Running restaurants would be a pleasure cruise if it weren’t for two niggling aspects of the job: customers, and employees. Instead, restaurateurs often find themselves listening for a Rod Serling voice-over about leaving normal existence for a universe of the absurd. The aggravation is matched by bewilderment over how seemingly sane people could suffer such a nightmarish lapse.
Here, drawn from 2016 installments of our weekly Restaurant Nightmares feature, were the year’s particularly fiendish situations.
Reptiles and restaurants seldom add up to a wonderful time, be it for host or guest—or reptile, for that matter. Witness what happened when snakes appeared without warning in at least two high-profile incidents this year.
In one, a boa poked through the ceiling tiles of a Mexico City restaurant and dangled for considerable time above the clientele, its head swinging ominously from side to side. Patrons weren’t too frightened to whip out their cameras and record the incident for posterity and social media, almost always the gasoline for a restaurant nightmare.
Fortunately for the establishment, its name was not revealed, and animal control authorities arrived to extricate the five-foot-long serpent before it fell on diners.
How the snake got into the ceiling remains a mystery.
Snakes de-planed II
There was no mystery about the appearance of not one, but two snakes in a Los Angeles sushi restaurant. One, a little wiggler, was merely being handled by its keeper, who figured a $200 meal entitled him to take the snake out of concealment for some public billing and cooing. The management of Sushi of Tokyo did not agree, pointing out that sanitation regulations forbade pets from joining their masters in the dining room, be they four-legged or slithery. They asked the customer, Hiroshi Motohashi, to leave.
He did—but came back with a 15-foot python, which he hurled into the establishment, apparently for shock value.
Motohashi gave the establishment and its customers a start all right. Indeed, he hung around to witness the reaction, and even helped the police capture the bright-yellow snake.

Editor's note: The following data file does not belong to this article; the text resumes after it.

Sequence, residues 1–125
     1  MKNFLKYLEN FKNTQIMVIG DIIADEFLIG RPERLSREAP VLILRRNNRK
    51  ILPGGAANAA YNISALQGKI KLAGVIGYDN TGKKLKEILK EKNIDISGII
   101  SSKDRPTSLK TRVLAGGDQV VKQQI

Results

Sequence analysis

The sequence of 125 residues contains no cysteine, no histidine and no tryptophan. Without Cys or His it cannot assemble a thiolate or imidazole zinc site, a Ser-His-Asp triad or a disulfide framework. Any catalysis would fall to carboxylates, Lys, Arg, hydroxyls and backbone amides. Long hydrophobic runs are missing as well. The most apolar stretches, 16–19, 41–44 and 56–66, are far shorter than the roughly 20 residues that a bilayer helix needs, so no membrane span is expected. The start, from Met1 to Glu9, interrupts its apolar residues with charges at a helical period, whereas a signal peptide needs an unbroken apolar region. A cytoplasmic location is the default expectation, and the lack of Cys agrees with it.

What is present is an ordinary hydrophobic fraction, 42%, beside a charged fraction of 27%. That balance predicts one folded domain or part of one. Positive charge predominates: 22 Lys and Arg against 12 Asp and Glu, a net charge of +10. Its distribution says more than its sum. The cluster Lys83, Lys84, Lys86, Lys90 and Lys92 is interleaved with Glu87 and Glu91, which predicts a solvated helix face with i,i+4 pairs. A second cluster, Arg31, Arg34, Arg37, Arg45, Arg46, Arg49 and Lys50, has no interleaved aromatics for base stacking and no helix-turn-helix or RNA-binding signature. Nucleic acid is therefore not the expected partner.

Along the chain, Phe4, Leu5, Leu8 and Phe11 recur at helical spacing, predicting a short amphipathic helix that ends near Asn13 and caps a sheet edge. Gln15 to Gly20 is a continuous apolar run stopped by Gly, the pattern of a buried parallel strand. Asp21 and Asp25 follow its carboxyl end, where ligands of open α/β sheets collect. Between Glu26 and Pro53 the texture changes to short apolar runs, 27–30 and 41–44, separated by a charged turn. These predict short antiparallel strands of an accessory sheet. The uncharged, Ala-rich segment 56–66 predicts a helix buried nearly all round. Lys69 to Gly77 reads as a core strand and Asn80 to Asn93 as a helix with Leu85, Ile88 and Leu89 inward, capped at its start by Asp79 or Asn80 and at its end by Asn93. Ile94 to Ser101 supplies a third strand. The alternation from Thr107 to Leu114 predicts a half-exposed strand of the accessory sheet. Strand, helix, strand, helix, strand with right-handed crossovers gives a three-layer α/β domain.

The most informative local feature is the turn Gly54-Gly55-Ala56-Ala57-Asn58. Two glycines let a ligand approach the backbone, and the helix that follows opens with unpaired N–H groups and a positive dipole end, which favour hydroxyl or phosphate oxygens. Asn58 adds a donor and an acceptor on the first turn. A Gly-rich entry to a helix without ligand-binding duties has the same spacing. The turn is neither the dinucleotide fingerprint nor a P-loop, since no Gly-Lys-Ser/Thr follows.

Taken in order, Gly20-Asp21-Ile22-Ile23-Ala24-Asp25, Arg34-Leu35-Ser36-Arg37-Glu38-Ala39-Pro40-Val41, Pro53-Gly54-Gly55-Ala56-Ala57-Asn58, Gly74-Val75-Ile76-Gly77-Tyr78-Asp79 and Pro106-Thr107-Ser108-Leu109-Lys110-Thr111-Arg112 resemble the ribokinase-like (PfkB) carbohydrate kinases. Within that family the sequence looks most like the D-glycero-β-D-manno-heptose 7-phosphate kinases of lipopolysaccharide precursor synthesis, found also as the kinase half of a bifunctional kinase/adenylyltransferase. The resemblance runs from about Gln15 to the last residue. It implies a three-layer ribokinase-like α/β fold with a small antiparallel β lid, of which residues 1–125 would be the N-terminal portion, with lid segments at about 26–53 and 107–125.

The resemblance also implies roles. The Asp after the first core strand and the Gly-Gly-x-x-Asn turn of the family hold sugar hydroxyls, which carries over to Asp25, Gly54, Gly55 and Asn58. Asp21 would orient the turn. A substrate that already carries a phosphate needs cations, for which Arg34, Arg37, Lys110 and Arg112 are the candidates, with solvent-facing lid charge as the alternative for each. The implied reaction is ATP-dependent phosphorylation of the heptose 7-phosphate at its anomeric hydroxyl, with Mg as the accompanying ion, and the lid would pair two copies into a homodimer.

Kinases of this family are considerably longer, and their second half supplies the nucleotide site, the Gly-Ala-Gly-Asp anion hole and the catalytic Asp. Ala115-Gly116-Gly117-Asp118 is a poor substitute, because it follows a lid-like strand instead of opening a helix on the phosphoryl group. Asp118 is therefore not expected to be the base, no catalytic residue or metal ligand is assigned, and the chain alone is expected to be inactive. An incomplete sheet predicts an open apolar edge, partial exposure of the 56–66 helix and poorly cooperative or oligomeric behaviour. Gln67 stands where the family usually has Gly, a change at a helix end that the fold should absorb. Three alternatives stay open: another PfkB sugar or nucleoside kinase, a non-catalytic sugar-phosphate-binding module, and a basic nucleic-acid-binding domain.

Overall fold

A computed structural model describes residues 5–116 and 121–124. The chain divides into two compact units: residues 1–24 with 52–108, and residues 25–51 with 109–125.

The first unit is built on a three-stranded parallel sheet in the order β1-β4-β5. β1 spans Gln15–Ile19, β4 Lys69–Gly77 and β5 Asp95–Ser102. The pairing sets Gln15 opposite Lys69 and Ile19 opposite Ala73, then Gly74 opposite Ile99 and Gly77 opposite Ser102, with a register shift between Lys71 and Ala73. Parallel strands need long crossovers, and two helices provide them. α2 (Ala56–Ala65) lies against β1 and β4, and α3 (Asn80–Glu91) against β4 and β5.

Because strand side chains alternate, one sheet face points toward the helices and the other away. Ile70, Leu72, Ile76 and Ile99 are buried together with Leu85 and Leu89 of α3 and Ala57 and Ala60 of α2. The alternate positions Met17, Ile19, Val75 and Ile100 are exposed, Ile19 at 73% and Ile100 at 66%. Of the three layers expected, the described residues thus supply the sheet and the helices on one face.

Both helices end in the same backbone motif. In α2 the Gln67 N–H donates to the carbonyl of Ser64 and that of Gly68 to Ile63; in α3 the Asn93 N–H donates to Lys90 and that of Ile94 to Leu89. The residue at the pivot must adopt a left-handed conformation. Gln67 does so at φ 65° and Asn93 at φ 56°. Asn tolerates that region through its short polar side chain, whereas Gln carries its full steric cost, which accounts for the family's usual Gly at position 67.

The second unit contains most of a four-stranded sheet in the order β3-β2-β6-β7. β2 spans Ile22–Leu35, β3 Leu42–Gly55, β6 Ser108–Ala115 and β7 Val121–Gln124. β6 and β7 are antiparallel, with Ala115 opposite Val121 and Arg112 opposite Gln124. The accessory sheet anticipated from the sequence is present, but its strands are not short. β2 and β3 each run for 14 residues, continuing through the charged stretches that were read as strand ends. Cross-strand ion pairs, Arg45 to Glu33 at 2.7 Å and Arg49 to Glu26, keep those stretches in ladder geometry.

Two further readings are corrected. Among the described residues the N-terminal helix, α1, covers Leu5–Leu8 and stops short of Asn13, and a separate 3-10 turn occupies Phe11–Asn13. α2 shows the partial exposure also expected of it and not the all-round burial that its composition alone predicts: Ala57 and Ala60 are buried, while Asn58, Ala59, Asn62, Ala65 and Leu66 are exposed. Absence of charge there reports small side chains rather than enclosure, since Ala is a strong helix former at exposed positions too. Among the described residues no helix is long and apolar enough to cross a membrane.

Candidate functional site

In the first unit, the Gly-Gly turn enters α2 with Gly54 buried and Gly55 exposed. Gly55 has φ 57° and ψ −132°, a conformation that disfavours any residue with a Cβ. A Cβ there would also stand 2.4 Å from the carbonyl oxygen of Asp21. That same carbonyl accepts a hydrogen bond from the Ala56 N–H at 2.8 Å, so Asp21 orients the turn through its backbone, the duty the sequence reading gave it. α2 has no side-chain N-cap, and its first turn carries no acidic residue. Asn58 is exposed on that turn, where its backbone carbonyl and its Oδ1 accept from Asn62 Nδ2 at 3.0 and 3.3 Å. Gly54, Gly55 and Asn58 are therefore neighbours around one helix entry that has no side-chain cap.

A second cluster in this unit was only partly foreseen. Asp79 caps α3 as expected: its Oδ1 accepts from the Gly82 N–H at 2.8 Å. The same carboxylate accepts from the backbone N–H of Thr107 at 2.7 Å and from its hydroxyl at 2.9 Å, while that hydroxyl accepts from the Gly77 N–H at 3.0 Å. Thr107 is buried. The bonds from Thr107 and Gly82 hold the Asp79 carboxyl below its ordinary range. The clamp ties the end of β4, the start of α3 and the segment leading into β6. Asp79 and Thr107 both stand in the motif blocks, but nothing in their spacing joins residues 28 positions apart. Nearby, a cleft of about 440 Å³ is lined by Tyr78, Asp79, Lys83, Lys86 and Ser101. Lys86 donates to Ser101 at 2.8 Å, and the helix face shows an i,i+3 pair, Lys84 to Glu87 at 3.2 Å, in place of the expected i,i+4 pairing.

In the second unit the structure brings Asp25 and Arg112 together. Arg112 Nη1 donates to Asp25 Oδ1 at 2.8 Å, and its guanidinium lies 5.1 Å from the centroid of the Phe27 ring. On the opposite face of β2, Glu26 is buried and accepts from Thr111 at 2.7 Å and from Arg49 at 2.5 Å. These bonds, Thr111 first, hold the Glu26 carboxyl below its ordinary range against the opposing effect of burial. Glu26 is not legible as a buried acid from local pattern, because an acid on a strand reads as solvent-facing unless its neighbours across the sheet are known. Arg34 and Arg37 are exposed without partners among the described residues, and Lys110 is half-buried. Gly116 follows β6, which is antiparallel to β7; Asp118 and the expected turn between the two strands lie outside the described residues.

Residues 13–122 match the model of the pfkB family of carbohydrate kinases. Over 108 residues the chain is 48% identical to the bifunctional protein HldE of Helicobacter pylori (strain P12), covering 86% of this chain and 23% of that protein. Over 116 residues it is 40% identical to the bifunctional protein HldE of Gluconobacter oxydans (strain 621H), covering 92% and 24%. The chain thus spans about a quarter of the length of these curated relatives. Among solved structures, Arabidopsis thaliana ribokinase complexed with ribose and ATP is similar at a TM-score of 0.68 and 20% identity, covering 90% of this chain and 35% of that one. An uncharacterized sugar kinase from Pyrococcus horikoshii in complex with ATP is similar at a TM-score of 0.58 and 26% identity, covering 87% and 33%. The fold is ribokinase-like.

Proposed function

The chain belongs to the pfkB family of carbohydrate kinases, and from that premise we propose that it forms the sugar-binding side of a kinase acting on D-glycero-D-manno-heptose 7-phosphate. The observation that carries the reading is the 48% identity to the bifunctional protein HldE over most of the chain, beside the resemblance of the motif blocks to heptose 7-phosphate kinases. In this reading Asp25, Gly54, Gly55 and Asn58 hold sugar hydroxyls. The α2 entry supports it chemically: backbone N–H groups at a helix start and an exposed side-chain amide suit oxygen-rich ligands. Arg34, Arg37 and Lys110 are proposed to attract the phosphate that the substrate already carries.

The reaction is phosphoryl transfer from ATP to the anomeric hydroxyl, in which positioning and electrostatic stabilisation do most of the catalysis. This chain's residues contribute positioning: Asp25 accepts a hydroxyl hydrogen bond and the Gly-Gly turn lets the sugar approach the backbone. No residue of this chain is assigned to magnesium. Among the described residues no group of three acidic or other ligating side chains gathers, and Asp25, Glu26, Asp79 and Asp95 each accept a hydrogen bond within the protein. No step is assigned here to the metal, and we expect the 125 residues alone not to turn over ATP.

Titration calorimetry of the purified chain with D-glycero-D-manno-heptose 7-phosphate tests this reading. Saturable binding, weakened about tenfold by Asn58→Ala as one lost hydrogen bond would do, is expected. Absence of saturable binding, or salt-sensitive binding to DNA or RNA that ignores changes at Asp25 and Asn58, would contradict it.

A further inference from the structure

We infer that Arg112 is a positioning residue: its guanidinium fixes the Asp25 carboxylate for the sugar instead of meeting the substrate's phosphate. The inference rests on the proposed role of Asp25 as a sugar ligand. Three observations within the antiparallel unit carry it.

Then, to his apparent shock, he was arrested.
Caiman through the drive-thru window?
This was clearly a year of reckoning for reptile hurlers. Among the arrests was the apprehension of a truly champion animal flinger, the young man who tossed an alligator through the drive-thru of a Wendy’s in Florida.
The gator actually got the kitchen tour late last year, but the incident didn’t burst into national attention until 2016. Part of the drama was the perpetrator’s surprise that a flying man eater would be such a big deal to the potential eat-ees, the kitchen staff and guests.
Twenty-three-year-old Joshua James had picked up the reptile from the side of the road and tossed it in the bed of his truck as he headed to the Wendy’s, where he knew a friend was working. He ordered at the drive-thru, the alligator apparently behaving itself in the back. But after James was handed his drink, he grabbed the juvenile gator and flung it.
James’ mother said her sugarplum was merely intending to play a practical joke. Instead, James was charged with aggravated assault with a deadly weapon, having an alligator in his possession and transporting the beast without the required permits.
The alligator was presumably released on its own recognizance.
Robbed during the job interview
Hiring qualified candidates is tough enough. The manager of a Popeyes in New Orleans had the added challenge of an applicant’s interview being interrupted by a robbery.
Fortunately for the store, the interviewee was made of firm stuff. Instead of running out in disgust or fear, 18-year-old Devin Washington helped manager/interviewer Danyanna Metoyer stop and hold the thief until the police could arrive.
No one was injured, the money was recovered and Washington got the job.
‘I’ll grab a uniform. And a purse.’